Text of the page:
Developments of changing demographic behavior and technological innovation have given rise to many changes in hiring workflows and the way jobs are promoted. These trends are largely driven by cloud and social media technologies that are triggering significant changes in behaviors, both of the job seeker and of the hiring organization. Social media is no longer limited in reach; 60% of all new Facebook profiles created in India in the last 6 months were from Tier II cities and the non-urban sector. With the increased ease of information access, job seekers want to know almost everything about the employment experience before accepting an offer, some even before applying. Hiring organizations, on the other hand seek greater intelligence about prospective candidates, owing to their ever increasing need to hire specialized talent.  Another key development is the increasing trend of organizations reaching out to professionals who are not actively looking out for jobs. The industry terminology for such skilled professionals is, “passive” candidates. While organizations can reduce significant cost by tapping into the talent pool for active candidates, the higher value proposition of social media is its ability to tap into the passive talent pool. Organizations, more often, find the right talent for their requirements in the passive talent pool. In the absence of the right information channel and a delivery mechanism to attract talent from this pool, organizations can potentially miss out on significant opportunities.

Irfan Abdulla, Director, Hiring Solutions, at Linkedin India says that they realized the potential of leveraging social media for tapping into the passive talent pool and started Linkedin’s hiring solutions in 2009. Launched in India in the first quarter of 2012, the “Linkedin Recruiter” is their specialized hiring solution, which opens up an organization’s access to 175 million active and passive professionals globally.

The need for tapping into the passive pool

The need for hiring quality talent for executing specific organizational activities has become more pronounced. “Given the current economic climate,” Irfan says, “organizations are not just required to hire the right quality of candidates; they are required to hire quality at scale.” It is possible that the right candidate for a job may not be looking out for a job at the time when an organizational position opens. Also, in the absence of macro-level geographical workforce information, an organization may end up focusing efforts in the wrong geographical talent pool. All of these issues can result in an organization facing in-ordinate delays in filling up critical positions, or selecting the wrong candidate for a position. It is, therefore, extremely important for organizations to track the right information on the following questions:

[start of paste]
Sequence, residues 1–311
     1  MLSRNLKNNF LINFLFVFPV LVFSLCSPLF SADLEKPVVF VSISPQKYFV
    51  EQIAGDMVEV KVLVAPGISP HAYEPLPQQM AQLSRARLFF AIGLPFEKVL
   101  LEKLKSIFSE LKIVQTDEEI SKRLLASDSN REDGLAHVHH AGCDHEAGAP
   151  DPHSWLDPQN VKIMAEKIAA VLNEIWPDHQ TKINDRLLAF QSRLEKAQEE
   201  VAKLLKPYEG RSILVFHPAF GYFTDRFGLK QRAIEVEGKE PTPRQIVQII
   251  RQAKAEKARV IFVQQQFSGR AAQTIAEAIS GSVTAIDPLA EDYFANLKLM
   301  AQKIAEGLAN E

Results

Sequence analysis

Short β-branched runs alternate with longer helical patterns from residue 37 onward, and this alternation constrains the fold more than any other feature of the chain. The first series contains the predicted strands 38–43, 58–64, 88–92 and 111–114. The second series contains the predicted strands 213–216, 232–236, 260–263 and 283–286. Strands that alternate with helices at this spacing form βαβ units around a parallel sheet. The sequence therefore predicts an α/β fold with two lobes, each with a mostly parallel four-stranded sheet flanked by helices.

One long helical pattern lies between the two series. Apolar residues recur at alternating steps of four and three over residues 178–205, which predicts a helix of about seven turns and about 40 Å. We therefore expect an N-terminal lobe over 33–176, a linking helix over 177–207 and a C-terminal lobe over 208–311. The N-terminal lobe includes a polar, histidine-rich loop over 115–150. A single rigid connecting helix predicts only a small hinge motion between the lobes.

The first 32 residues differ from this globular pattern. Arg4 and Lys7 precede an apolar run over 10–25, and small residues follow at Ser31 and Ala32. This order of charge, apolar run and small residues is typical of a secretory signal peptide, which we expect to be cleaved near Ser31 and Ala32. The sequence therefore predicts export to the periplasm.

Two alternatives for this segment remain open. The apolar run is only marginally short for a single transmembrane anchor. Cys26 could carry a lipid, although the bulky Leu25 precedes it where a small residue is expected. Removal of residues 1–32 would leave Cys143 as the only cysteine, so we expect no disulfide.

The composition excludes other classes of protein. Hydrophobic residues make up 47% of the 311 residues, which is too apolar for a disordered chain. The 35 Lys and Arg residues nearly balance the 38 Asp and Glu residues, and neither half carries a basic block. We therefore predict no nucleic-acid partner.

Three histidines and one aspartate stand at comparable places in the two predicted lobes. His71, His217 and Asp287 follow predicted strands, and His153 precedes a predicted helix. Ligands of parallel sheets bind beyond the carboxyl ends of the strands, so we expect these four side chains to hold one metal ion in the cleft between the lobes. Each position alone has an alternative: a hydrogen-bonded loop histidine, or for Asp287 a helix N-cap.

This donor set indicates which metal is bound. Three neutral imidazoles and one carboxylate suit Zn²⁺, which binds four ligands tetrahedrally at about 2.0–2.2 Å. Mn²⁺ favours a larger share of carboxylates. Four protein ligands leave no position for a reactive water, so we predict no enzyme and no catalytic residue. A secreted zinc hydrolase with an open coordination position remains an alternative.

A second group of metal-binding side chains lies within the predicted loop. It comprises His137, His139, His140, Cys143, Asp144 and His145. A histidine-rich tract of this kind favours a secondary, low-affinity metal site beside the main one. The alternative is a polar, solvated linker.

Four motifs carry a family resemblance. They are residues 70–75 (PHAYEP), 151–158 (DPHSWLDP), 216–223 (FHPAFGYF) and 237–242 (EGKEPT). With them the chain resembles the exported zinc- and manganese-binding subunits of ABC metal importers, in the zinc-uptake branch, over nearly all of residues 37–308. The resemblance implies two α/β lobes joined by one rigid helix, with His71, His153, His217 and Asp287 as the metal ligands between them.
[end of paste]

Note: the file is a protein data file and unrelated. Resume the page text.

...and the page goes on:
1. What are the skills available in the talent market pool at this point?
  2. From where can we source the talent required for the specific role requirements from open positions?
  3. Are there opportunities where we can attract the right candidates that we need in our organization, even though they may not be looking out for a job at this point?
  4. What are the ways by which we can send the right messages to attract this passive talent pool?

The social media imperative                       

Social media, owing to its presence and penetration among global professionals, offers the greatest potential to reach active and passive candidate pools globally. Social media recruiting companies, therefore, will continue to identify newer and more effective ways to gather intelligence and more accurate answers to the above questions. For example, post-login, a user of Linkedin views professional news feeds from the network, and suggestions about groups, associations, and potential jobs.  It sources and delivers targeted content by gathering intelligence from an individual’s professional profile. A hiring organization, on the other hand, can push their employer brand message and current job opportunities to a large pool of active and passive candidates through the platform.

The future of social media hiring

Very soon, organizations failing to realize the full potential of social media will lose the race for sourcing skilled talent. Organizations will soon need to integrate social media recruiting into their strategic organizational mandate and understand what drives talent behavior. Only then will they be able to truly realize the rich potential of social media hiring.